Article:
Most of our customers use XLCubed for reporting, analysis and data visualisation, but an increasing number use it for data updates, either within budgeting and forecasting solutions or in niche applications.
XL3RunSQL is a neat method for running SQL updates from Excel, and allows users to build input forms (which can ultimately be web-enabled) quickly and easily.
In this blog, we will walk through the steps to set this up.
Here’s an XLCubed Table based on a SQL query, showing employee details including their salary and commission:
We will use an XL3RunSQL formula to change and update each employee’s salary and commission.
Columns P and Q will hold the new values for commission and salary that will be used to update the table:
The XL3RunSQL Formula has the following syntax:
=XL3RunSQL(ExecuteSQL, Connection, SQLStatement, [TableSheet], [Table])
To set up the parameters for each row to be used in the XL3RunSQL statement, add four calculations to the tables in columns K-N. We will then add some formulas to manage the update. Adding these to the table means that data growth is handled automatically.
The parameters are set up as follows:
A cell reference that contains TRUE when the SQL Statement should be run. After execution, the cell reference will be set to FALSE or an error message if an error occurred.
We will create an XL3Link in column N so that when clicked, it will update a certain cell reference to TRUE, allowing the XL3RunSQL to run the SQL statement. Use the following formula:
This will set the cell L4 to TRUE only when there are new values in columns P and Q – this ensures the SQL query is only run when new values have been added.
The connection to use to connect to the database. This is normally the Connection ID of a workbook relational connection or a connection string.
From the XLCubed Ribbon > Connections:
The SQL Statement to run.
We have set up the SQL statement in column K using a CONCATENATE formula:
=CONCATENATE(“update employees set salary = “, TEXT(IF($P4=””,$I4, $P4),0),”,commission_pct=”, TEXT(IF($Q4=””,$J4,$Q4),”0.00″), “where employee_id = “, TEXT($B4,0),””)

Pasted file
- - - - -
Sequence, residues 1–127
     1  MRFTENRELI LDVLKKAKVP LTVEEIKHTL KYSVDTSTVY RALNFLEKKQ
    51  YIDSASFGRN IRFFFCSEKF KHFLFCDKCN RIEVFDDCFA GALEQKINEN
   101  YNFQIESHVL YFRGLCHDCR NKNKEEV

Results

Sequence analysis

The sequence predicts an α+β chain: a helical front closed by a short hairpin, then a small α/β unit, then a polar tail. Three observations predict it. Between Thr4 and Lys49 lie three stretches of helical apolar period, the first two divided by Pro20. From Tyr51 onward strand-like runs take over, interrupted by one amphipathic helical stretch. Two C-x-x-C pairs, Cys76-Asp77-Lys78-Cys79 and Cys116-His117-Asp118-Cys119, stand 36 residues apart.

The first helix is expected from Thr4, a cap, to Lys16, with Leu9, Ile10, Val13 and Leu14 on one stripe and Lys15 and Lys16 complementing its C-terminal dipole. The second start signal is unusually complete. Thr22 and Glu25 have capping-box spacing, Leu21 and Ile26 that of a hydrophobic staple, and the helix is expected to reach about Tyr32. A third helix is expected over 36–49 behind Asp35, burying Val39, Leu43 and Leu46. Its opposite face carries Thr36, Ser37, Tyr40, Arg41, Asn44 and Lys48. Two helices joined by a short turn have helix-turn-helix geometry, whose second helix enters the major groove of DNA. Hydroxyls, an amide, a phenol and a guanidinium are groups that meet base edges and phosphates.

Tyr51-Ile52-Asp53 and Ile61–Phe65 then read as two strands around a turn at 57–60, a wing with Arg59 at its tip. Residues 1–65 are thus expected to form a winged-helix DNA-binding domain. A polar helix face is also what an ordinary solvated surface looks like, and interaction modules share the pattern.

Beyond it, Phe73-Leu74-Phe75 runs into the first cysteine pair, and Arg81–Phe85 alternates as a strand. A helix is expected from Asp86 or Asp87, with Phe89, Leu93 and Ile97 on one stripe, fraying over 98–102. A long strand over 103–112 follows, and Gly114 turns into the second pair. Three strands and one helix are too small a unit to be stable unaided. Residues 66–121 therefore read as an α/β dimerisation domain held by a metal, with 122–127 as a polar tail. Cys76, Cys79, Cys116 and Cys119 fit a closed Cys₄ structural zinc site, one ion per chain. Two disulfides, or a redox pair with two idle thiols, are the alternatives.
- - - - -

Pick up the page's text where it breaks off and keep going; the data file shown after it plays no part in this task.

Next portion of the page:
This formula will set the SQL Statement to update the salary and the commission to the new values. If there are no new values, the SQL statement will not run and the values will remain unchanged.
4. TableSheet (Optional)
Worksheet name containing query table or XLCubed Table to refresh after the SQL has run.
5. Table (Optional)
The name of the query table or XLCubed Table to refresh after the SQL has run.
We can name the table by right-clicking on the table > XLCubed Properties > Behaviour
We now have the parameters we need to set up the XL3RunSQL forumla.
We will set up our formula in column M:
Now we can see that every time we add values for the New Salary or New Commission, the table will update every time we click ‘Update’. We can also hide the calculation columns K-M to make the table look neater and not show any unnecessary information.
After we have input all of our data and updated the table, we can then clear the data in columns P and Q . This can be done using an XL3link, for example:
To make the range dynamic, you could also use a named range for both columns P and Q.
In the example below I have used a slicer to filter the information based on a specific Job Type. As you can see, since the formulae are included as Table calculations, the whole input table handles varying number of rows without the need for any manual copying of formuale.
To utilise the same approach with stored procedures, the XL3RunSQLProc formula has a similar logic.